The target is a moonlet of 65803 Didymos, a near-Earth asteroid discovered in 1996. At the time of impact it will be about 11 million kilometres away.
As the world “double” in the DART mission’s name suggests, Didymos is a binary system, meaning that there are two asteroids orbiting each other. The large one is about 800 metres across; the moonlet measures about 160 metres.
The impact is expected to alter the moonlet’s orbital speed around Didymos by about a half-millimetre per second, says Andrew Cheng, a planetary scientist at the Johns Hopkins University Applied Physics Laboratory in Laurel, Maryland, who is lead investigator for the NASA side of the project.
“That doesn’t sound like much, but it is very easily measured, both by the AIM spacecraft and by telescopes on the ground,” he said, speaking by phone from the 2017 Lunar and Planetary Science Conference in the Woodlands, Texas, where he is presenting details on the project.
The effect is easy to measure from Earth, he adds, because the moonlet’s orbit is aligned so that viewed from down here it passes behind Didymos once each circuit.
These disappearances make it easy to precisely measure its orbital period, Cheng says, estimating that even the tiny speed change expected to be imparted by the crash will alter its 11.9-hour orbit by several minutes.
One of the goals of the mission is to test whether it is possible to hit such a small, distant object with a spacecraft moving at such a high speed. But it’s also important, Cheng says, to see how the asteroid responds to the impact.
That’s because hitting an asteroid with a spacecraft isn’t like hitting a billiard ball with the cue ball. 
"When we have a high-speed impact on an asteroid, you create a crater,” Cheng says. “You blow pieces back in the direction you came from.”
The ejection of this material shoves the asteroid in the opposite direction, significantly increasing its momentum change.
“The amount can be quite large,” Cheng says, “More than a factor of two.”
With the AIM spacecraft orbiting nearby, the impact will also allow the first scientific measurements of precisely what happens when an asteroid (or moon) gets hit by a fast-moving object, such as the 500-kilogram DART spacecraft.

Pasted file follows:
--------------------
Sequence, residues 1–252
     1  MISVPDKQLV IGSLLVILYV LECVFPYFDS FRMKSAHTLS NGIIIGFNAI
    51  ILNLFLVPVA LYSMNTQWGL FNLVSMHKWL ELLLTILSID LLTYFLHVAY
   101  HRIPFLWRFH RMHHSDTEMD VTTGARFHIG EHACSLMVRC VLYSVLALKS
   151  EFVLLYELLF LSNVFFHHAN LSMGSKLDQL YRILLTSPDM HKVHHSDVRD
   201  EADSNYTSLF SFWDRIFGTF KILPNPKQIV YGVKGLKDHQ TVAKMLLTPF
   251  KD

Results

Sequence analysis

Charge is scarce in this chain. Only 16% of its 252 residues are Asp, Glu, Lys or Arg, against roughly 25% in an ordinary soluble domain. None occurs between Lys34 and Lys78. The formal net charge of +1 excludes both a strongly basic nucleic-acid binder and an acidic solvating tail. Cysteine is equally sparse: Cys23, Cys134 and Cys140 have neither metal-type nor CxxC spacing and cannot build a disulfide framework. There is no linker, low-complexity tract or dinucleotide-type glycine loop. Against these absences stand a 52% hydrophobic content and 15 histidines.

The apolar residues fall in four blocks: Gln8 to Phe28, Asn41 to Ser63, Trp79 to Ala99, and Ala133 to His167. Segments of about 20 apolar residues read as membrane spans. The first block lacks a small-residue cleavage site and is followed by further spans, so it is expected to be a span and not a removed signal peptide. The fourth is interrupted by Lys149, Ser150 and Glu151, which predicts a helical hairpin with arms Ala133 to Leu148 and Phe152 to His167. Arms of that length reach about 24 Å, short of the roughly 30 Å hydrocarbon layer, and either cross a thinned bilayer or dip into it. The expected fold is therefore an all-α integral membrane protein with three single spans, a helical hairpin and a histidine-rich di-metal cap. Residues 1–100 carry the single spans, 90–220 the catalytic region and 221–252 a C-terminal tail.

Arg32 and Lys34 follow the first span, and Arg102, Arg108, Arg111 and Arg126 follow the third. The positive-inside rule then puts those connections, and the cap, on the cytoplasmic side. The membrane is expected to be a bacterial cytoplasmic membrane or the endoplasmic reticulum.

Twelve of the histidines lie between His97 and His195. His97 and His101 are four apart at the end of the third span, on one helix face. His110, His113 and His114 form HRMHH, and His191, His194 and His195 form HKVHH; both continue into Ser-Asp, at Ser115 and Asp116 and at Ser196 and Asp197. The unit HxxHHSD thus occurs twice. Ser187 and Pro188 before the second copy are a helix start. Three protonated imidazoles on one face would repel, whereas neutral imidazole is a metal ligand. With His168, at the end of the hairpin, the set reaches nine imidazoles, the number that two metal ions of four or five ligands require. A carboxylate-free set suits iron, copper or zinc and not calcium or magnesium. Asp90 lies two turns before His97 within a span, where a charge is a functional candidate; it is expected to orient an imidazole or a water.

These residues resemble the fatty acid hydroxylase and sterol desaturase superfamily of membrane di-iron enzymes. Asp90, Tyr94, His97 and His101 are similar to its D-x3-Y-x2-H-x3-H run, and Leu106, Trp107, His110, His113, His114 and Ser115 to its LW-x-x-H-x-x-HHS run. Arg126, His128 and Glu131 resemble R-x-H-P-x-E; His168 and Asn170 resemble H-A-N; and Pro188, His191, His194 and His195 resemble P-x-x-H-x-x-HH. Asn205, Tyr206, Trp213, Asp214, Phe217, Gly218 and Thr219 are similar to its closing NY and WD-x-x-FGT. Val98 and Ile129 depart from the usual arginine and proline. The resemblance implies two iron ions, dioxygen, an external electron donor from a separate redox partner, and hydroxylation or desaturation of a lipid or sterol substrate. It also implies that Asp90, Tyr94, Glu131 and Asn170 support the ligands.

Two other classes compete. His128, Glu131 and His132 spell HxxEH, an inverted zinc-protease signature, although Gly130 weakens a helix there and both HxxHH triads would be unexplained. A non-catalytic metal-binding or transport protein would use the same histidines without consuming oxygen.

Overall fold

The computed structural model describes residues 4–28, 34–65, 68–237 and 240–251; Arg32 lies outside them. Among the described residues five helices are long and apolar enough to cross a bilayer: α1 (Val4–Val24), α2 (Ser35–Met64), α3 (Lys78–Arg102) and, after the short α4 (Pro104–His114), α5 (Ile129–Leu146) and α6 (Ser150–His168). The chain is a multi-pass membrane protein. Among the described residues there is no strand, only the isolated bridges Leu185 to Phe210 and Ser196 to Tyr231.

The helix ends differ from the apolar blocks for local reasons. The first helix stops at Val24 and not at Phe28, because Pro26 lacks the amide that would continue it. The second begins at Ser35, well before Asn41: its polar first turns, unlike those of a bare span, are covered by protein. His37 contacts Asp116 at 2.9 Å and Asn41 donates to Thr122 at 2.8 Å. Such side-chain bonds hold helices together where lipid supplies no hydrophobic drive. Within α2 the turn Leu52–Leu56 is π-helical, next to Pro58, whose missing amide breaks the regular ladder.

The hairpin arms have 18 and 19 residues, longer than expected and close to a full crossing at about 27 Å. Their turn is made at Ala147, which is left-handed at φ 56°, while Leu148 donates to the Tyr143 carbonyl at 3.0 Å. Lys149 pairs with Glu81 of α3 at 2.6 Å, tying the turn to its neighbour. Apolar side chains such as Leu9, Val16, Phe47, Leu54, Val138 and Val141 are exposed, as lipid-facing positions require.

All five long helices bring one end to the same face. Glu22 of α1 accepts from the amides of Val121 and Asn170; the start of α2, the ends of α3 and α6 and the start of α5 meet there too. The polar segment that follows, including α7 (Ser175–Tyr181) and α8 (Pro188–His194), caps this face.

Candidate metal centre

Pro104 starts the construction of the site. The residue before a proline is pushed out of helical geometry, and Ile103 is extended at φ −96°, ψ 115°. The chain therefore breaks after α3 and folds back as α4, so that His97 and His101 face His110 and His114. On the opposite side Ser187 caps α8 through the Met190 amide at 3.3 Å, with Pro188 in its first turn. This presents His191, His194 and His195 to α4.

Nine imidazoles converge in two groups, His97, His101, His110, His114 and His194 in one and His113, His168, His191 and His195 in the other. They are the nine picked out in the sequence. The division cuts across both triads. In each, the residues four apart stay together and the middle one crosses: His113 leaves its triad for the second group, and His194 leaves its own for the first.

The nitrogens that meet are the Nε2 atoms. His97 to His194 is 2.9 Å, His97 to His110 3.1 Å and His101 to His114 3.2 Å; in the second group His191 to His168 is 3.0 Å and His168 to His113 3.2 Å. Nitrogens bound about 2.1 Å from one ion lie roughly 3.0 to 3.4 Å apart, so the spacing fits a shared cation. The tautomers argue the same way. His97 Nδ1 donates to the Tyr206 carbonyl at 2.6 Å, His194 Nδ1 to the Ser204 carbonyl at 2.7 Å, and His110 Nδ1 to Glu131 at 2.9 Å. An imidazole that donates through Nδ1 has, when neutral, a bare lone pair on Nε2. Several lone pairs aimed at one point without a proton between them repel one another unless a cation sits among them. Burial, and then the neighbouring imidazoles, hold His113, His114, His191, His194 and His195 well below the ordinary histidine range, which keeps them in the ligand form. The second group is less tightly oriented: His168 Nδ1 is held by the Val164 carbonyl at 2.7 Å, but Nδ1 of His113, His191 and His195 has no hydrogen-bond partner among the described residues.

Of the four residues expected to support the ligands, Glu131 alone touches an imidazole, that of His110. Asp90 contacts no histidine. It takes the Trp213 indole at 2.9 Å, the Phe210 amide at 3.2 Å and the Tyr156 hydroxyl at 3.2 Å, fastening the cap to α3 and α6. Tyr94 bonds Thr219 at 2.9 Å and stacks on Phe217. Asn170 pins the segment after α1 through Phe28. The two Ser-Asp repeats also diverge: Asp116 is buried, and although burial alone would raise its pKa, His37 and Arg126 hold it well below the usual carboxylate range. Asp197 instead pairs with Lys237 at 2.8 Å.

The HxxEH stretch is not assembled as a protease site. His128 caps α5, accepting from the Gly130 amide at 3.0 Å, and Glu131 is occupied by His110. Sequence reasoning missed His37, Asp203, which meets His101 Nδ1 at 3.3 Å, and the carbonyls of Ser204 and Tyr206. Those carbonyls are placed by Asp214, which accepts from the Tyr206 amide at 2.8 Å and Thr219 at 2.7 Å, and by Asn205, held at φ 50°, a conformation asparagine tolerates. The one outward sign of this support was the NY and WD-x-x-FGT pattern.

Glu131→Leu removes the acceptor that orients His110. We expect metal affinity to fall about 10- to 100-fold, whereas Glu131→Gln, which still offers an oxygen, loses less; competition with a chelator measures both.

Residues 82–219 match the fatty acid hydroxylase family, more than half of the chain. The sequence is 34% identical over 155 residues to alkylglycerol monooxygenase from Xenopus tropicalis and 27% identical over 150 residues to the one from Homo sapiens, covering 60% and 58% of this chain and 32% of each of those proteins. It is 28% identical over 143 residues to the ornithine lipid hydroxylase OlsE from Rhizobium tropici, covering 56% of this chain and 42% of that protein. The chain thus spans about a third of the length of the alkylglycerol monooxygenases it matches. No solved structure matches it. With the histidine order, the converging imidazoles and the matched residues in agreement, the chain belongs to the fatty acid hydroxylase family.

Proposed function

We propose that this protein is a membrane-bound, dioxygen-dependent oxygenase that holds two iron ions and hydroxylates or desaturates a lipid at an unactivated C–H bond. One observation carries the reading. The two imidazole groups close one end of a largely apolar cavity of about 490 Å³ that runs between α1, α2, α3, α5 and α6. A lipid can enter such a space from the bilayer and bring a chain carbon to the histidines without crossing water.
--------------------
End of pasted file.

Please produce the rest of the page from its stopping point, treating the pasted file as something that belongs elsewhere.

“This will tell us about cratering processes,” says Michel, who is the lead investigator of the ESA side of the mission.
That is important because planetary scientists use crater counts on other worlds to help determine how old their surfaces are, based on the numbers and sizes of objects that have hit the surface since it formed.
But most of the research designed to correlate crater size to the size of the impactor rests either on modeling or small-scale laboratory tests.
This is the first time, Cheng says, that scientists will be able to test their models by looking at a crater on an asteroid, knowing exactly what hit it and how fast it was moving. Michel adds that the target moonlet will also be the smallest asteroid ever to be visited by a spacecraft.
“This is important for science and for companies interested in asteroid mining because so far we don’t have any data regarding what we will find on the surface of such a small body,” he says.
“Each time we discover a new world we have surprises,” he adds. “The main driver [of this mission] is planetary defence, but it has a lot of scientific implicaitons.” 

Saturday, March 25, 2017

The Curiosity Mars Rover Wheels Are Starting To Break

The Curiosity Mars rover's wheels are starting to break

Not even space robots are immune to the effects of old age


Curiosity Rover takes a self portrait
Curiosity Rover takes a self portrait
In October 2015 Curiosity used the camera at the end of its mechanical arm to take a self portrait inside Gale Crater
Since August of 2012, NASA's Curiosity Rover has tooled around the red planet doing science for us Earthlings. Now, nearly five years and some 10 miles later, the robot is starting to experience the wear and tear of an aging machine: On Tuesday, NASA announced the first two breaks in the rover's wheel treads.
Curiosity has a set of six aluminum wheels, each of them 20 inches in diameter and 16 inches across. The new breaks were the first to damage some of the 19 zigzag-shaped grousers (or threads) that cover each wheel. The grousers extend from the rest of the wheel (which is about half as thick as a dime) by about a quarter inch, allowing Curiosity to balance its 1,982 pounds of weight and grip the Martian terrain.
This isn't surprising—or even particularly upsetting—news, no matter how much you love NASA's youngest Martian robot. It may seem strange for there to be wear and tear with just 10 miles, but it took quite a few years to rack up those miles and all of that super-slow rolling over rocky terrain is just bound to cause some damage. Curiosity has already lived twice as long as planned in its primary mission. And NASA scientists have been keeping an eye on the rover's aging wheels for awhile now. These might be the first breaks in the grousers that give Curiosity traction, but they certainly aren't the first markups on otherwise pristine wheels: The reason NASA is keeping such a close eye on the wheels is that sharp rocks and grit have already left them pock-marked.